Then Jessica died, and they worked tirelessly for more than twelve hours, hunting down those four men who'd brought shame to the uniform they once wore. She labored right by his side, a constant encouragement to him. And when it was all over, the smile on her face and the tender kiss to his cheek made the exhaustion disappear. She was part of why he decided to go to the bar in the first place. Little did he know that a few moments after his arrival, glass would rain down on them, bullets would whiz by his ears, and screams would echo in his memory.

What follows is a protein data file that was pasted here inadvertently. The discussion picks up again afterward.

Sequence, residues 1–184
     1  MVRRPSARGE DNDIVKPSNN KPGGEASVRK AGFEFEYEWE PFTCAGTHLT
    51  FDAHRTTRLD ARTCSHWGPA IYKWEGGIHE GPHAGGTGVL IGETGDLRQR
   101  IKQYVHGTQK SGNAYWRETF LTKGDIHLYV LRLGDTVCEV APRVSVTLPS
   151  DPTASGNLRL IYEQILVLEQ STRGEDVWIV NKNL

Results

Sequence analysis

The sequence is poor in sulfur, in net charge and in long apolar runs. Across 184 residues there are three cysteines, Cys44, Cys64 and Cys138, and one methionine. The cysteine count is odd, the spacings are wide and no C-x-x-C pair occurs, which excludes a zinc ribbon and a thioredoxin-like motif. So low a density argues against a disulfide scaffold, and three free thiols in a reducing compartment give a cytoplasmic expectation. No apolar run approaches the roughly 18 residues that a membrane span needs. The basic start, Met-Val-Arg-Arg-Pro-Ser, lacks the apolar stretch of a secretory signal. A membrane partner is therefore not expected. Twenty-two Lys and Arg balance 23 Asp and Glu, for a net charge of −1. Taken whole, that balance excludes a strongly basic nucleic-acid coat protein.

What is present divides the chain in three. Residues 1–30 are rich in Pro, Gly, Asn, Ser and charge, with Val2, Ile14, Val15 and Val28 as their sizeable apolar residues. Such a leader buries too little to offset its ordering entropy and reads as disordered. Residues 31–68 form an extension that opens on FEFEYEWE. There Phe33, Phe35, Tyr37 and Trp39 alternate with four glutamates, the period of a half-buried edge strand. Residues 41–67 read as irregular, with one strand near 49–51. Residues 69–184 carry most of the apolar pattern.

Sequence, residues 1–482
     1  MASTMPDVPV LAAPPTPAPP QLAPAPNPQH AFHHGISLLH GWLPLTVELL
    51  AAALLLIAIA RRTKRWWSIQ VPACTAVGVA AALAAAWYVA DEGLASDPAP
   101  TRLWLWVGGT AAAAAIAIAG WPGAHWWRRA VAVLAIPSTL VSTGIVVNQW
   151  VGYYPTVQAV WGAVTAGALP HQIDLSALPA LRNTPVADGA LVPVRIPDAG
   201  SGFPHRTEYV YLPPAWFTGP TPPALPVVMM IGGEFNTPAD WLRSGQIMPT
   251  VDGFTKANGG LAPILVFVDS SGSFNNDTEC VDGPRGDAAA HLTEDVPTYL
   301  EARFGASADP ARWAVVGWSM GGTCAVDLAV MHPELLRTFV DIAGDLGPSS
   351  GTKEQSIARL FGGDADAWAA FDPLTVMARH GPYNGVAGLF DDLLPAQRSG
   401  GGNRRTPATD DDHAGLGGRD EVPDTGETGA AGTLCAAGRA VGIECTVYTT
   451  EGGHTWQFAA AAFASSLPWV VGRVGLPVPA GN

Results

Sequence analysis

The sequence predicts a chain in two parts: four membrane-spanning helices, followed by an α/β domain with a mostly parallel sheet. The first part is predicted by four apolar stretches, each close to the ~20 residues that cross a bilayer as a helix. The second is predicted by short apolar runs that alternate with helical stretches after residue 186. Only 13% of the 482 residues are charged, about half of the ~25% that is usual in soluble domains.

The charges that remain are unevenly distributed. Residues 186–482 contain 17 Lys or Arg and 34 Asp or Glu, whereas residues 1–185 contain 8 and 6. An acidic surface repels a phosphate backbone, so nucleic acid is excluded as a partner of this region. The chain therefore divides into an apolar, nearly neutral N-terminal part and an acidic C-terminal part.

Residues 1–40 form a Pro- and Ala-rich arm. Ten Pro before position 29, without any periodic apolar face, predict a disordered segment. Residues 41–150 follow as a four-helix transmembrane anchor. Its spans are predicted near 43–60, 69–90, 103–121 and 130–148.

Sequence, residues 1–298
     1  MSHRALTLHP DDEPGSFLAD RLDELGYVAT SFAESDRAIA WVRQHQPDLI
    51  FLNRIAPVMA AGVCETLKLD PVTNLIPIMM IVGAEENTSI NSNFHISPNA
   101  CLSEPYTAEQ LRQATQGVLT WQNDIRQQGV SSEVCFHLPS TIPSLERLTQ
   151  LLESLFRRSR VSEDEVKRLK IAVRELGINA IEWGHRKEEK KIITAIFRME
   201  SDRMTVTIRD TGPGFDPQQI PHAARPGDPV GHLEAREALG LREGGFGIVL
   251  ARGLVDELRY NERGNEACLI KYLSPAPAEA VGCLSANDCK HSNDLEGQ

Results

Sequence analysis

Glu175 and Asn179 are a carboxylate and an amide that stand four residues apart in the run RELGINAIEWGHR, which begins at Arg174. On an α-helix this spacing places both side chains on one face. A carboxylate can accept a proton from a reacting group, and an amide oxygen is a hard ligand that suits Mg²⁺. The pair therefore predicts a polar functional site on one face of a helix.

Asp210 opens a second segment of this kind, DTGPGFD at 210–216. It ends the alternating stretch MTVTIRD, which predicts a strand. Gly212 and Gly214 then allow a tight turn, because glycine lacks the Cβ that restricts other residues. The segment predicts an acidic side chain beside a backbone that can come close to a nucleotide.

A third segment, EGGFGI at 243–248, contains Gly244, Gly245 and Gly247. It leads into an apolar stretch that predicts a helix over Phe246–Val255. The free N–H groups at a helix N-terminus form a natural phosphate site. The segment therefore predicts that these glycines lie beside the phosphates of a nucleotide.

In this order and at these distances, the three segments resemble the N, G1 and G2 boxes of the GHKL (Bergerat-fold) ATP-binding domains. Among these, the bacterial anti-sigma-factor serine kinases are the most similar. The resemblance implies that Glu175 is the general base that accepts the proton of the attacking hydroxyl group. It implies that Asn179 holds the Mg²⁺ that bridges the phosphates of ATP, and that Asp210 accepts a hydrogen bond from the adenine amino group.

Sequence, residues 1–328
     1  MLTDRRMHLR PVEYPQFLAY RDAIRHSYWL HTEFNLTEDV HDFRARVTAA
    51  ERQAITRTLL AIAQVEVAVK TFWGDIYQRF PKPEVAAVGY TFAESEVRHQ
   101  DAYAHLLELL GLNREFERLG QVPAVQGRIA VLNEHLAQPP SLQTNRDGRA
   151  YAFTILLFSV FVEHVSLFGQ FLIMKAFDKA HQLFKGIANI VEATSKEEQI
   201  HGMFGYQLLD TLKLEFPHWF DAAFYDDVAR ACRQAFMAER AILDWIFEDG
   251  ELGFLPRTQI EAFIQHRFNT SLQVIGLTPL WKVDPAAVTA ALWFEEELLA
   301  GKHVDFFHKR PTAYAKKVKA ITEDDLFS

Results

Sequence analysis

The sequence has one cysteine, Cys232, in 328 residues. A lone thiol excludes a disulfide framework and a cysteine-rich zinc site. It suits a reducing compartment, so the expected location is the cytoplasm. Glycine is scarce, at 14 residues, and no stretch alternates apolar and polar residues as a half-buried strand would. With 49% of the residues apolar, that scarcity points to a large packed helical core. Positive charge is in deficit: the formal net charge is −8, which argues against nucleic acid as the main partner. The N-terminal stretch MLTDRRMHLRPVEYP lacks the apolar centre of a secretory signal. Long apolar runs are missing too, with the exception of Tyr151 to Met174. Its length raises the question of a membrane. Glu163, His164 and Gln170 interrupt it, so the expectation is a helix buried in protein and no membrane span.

She was the first person he looked for when the glass settled and the explosions ceased. She was lying face down on the floor, and for a moment his heart ceased to beat, afraid that Death had claimed her too. In that seemingly eternal moment, the memory of watching the towers fall with the knowledge that Claire was inside reared its horrible head, and it shattered him. He couldn't lose someone he cared for again. But then she raised her head and her jade-green eyes locked with his, and he knew she was alive. He wasn't prepared for the intensity of the feelings that washed over him – relief, anger, fear. Part of him wanted to scoop her up in his arms, to profess undying love for her, to keep her by his side for the rest of their days. But the other part of him balked, confused. He was her best friend, her boss. He wasn't allowed to feel that way for her - those were the rules, and he always kept the rules.
However, no matter how hard he tried, he couldn't stay away.